Modeling the Gaia Color-Magnitude Diagram with Bayesian Neural Flows to Constrain Distance Estimates. (arXiv:1908.08045v1 [astro-ph.IM])

<a href="http://arxiv.org/find/astro-ph/1/au:+Cranmer_M/0/1/0/all/0/1">Miles D. Cranmer</a>, <a href="http://arxiv.org/find/astro-ph/1/au:+Galvez_R/0/1/0/all/0/1">Richard Galvez</a>, <a href="http://arxiv.org/find/astro-ph/1/au:+Anderson_L/0/1/0/all/0/1">Lauren Anderson</a>, <a href="http://arxiv.org/find/astro-ph/1/au:+Spergel_D/0/1/0/all/0/1">David N. Spergel</a>, <a href="http://arxiv.org/find/astro-ph/1/au:+Ho_S/0/1/0/all/0/1">Shirley Ho</a>

We demonstrate an algorithm for learning a flexible color-magnitude diagram

from noisy parallax and photometry measurements using a normalizing flow, a

deep neural network capable of learning an arbitrary multi-dimensional

probability distribution. We present a catalog of 640M photometric distance

posteriors to nearby stars derived from this data-driven model using Gaia DR2

photometry and parallaxes. Dust estimation and dereddening is done iteratively

inside the model and without prior distance information, using the Bayestar

map. The signal-to-noise (precision) of distance measurements improves on

average by more than 48% over the raw Gaia data, and we also demonstrate how

the accuracy of distances have improved over other models, especially in the

noisy-parallax regime. Applications are discussed, including significantly

improved Milky Way disk separation and substructure detection. We conclude with

a discussion of future work, which exploits the normalizing flow architecture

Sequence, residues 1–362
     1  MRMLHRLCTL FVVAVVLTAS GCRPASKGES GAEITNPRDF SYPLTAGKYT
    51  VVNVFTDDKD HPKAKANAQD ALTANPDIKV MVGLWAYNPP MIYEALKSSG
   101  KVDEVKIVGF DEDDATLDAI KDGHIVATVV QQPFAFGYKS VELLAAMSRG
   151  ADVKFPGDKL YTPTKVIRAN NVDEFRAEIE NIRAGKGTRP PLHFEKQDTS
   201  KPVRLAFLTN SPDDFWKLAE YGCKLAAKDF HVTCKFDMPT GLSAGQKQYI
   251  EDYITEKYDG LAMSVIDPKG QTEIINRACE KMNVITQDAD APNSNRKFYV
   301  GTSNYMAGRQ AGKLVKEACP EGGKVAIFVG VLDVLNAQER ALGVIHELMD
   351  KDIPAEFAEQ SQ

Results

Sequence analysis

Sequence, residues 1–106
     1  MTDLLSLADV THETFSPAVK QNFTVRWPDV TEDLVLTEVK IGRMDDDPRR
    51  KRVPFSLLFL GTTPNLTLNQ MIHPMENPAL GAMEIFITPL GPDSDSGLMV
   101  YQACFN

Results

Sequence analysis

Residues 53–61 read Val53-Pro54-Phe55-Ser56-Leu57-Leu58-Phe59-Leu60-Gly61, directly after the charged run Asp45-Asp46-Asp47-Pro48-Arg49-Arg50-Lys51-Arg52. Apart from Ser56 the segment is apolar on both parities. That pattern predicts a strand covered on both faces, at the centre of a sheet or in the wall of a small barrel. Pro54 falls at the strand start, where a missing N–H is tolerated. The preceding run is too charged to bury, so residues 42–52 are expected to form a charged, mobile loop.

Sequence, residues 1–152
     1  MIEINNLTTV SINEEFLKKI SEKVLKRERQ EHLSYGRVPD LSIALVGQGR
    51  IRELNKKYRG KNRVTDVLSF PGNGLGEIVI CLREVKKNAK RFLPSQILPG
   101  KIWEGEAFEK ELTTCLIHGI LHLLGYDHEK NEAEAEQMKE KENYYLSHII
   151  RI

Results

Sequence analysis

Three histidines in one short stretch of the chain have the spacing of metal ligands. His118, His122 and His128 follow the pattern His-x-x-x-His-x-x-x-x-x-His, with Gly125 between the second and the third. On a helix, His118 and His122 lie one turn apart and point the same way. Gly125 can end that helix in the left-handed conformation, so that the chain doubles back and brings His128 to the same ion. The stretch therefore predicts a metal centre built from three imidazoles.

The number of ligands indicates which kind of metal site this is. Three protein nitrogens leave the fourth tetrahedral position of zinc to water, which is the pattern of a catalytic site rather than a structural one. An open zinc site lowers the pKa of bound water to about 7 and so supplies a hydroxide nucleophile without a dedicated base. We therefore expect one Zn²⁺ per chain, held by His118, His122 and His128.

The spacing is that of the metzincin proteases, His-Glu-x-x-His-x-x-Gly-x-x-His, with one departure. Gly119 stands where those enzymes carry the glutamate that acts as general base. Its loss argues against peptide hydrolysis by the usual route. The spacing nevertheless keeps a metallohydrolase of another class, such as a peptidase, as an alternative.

to allow us to exactly marginalize over missing photometry, enabling the

inclusion of many surveys without losing coverage.

We demonstrate an algorithm for learning a flexible color-magnitude diagram

from noisy parallax and photometry measurements using a normalizing flow, a

deep neural network capable of learning an arbitrary multi-dimensional

probability distribution. We present a catalog of 640M photometric distance

posteriors to nearby stars derived from this data-driven model using Gaia DR2

photometry and parallaxes. Dust estimation and dereddening is done iteratively

inside the model and without prior distance information, using the Bayestar

map. The signal-to-noise (precision) of distance measurements improves on

average by more than 48% over the raw Gaia data, and we also demonstrate how

the accuracy of distances have improved over other models, especially in the

noisy-parallax regime. Applications are discussed, including significantly

improved Milky Way disk separation and substructure detection. We conclude with

a discussion of future work, which exploits the normalizing flow architecture

to allow us to exactly marginalize over missing photometry, enabling the

inclusion of many surveys without losing coverage.

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